Isonomia’s editor gave me a quick tour yesterday of the site’s December readership numbers. Amongst the predictable good news – the site has more than doubled in popularity in the last year – one stat in particular caught my eye: the blog had page impressions on December 25th!
It wasn’t the site’s busiest day of the month, not by some distance, but I think it’s interesting that an industry specialist blog should get any readers on Christmas Day. And Isonomia gets more than a handful (apparently the site attracted a fair few readers on Christmas Day 2012 as well).
Keep taking the tablets
I suppose I shouldn’t be surprised; the internet has been ubiquitous for some time now. Almost everyone I know has wi-fi at home and it’s a familiar (if slightly sad) ritual to ask friends or relatives for the password to log onto their home networks when you’re visiting. Smartphones, which have been common for a little while, are being joined in huge numbers in our homes by tablet computers of one type or another.
It appears that in the UK we’re buying tablets at an incredible rate. Almost 50% of Britons now either own or have access to one, and many want to make sure they have the latest and best. All the big manufacturers brought out new models in time for the Western world’s annual December spend-athon and sales figures were expected to go through the roof as we demonstrated the depth of our love for our nearest and dearest through the exchange of ever slimmer computers.
I wonder whether it’s these tablets, received by waste industry professionals as presents and then given their obligatory test run, that led to Isonomia’s Christmas Day hits. At least the site’s more jolly than the weekly bin guidance accidentally released by DCLG on Boxing Day.
What will all of these new internet enabled devices mean for the recycling industry? Certainly we’ve got a major new WEEE challenge coming our way: if millions of these machines are being bought each year, before too long millions annually will also need to be carefully decommissioned. More immediately though, I suspect that these machines’ effect be felt through their impact on changing media consumption patterns.
Whilst it’s clearly causing headaches for newspaper proprietors, does it really matter to a waste manager if more and more people choose to read their news from their iPad? Actually, this change in our habits has profound consequences for municipal recycling figures – and economics.
Less news is bad news
Newsprint has been fundamental to local authority recycling collection systems since they were first established. Almost every authority’s first attempt at dry recycling collection will have targeted newspapers and residents understand, perhaps better than with any other material, that their paper is suitable to be recycled.
As well as there being plenty of it, newsprint also has a high bulk density – as anyone who ever had a paper round knows, it’s a heavy material, and it packs much better than un-compacted cans, plastics or glass. That makes it relatively cheap to collect; and once collected, it commands a good resale price. All of this means that newsprint arisings are fundamental to the economics of household waste collection systems.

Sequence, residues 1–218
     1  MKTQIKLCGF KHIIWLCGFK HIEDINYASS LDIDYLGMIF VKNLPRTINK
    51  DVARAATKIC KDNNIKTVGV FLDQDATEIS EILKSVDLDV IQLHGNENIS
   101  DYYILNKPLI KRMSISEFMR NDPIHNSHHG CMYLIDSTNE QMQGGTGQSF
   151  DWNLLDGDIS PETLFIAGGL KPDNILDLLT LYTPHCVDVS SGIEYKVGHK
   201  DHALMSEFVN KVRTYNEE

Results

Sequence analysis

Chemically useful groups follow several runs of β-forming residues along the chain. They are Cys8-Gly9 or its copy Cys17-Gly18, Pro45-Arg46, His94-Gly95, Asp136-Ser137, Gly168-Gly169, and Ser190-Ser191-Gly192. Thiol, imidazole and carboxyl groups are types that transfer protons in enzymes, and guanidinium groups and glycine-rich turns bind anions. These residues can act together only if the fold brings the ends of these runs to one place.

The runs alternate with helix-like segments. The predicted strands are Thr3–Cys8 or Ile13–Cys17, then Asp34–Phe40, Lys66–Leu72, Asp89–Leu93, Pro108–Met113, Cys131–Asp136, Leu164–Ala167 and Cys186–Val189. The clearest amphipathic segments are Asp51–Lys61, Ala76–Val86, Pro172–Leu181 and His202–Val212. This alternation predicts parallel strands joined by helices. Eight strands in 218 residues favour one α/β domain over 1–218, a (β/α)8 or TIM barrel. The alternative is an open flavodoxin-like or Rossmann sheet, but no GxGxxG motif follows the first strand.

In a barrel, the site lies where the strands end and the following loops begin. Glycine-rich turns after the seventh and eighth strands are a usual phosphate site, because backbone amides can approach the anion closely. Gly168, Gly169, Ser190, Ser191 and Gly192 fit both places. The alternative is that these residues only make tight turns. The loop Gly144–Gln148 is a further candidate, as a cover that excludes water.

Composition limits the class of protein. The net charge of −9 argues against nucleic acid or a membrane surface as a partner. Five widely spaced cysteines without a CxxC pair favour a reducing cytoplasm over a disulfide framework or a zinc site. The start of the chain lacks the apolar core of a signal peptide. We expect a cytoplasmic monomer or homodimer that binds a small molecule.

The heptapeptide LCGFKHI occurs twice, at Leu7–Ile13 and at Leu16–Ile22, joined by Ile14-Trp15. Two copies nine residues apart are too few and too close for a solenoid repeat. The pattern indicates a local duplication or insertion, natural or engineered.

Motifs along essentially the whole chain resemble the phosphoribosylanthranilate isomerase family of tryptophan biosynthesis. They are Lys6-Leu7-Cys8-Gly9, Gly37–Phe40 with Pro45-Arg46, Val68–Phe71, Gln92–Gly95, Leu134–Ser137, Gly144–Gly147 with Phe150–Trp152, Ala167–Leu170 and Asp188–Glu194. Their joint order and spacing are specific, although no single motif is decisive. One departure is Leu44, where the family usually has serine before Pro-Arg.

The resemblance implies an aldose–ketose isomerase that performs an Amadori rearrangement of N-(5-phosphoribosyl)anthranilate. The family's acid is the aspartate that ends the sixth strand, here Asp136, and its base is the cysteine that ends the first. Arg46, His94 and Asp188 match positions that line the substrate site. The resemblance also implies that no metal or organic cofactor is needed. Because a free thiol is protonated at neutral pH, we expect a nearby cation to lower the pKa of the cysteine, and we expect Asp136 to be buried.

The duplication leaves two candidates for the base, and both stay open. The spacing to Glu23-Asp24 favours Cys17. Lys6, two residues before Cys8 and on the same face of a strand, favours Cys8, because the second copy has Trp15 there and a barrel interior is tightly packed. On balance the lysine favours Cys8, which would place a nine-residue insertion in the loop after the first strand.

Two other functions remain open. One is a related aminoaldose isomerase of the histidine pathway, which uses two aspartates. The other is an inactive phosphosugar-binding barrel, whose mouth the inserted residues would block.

Of course, newspaper circulation figures have been falling for years, but with the rise of the tablet computer, the pattern is accelerating. According to the Audit Bureau of Circulations – the industry body for media measurement – there was a marked decline in August 2013’s circulation of UK national daily newspapers compared with August 2012. The graph below shows that around 4 million fewer newspapers were circulated in 2013 than in 2008, which means a lot less paper is now available for material capture than in the past. I haven’t been able to find more recent data, but whilst I’ve heard that the figures for the end of 2013 held up better, they by no means reversed this dramatic decline.
It’s not just waste collectors such as local authorities that are affected: the souring of our love affair with newsprint has impacts further along the value chain. For MRFs, the costs per tonne of sorting, say, light plastics are much higher than for paper, so the falling paper content within a tonne of commingled material is problematic. Even worse, MRFs are designed with a specific material mix in mind. Although there’s some flexibility in the system, input composition changes eventually result in the equipment becoming de-optimised for what it has to deal with. A fall off of paper from the recycling stream therefore has an adverse effect on profitability for MRF operators too.
The rapid change in our waste composition also has implications for our performance against our Waste Framework Directive obligations. Each member state is obliged to reduce the quantity of biodegradable municipal waste (BMW) it sends to landfill. However, the way we calculate how we’re doing is based on assumptions regarding the quantity of newspaper in the mix which are now out of date. Newsprint is 100% biodegradable, and its shrinking significance almost certainly means that the biodegradability of Local Authority Collected waste has declined. The UK is therefore almost certainly over-reporting how well we’re doing against these fundamentally important targets.
Our apparent tablet addiction and the rise of new digital media appear to be accelerating still further and are likely to exacerbate the established trend of shrinking newspaper circulation. This will soon start creating big problems, logistical and financial, for those who collect and sort household recyclates. As household consumption patterns change, the government and the recycling industry must wake up to the fact that the historic assumptions about waste composition soon won’t be worth the paper they’re written on. Those of us who aspire to be at least as smart as our phones need to prepare now for how we’re going to deal with a future with far less paper.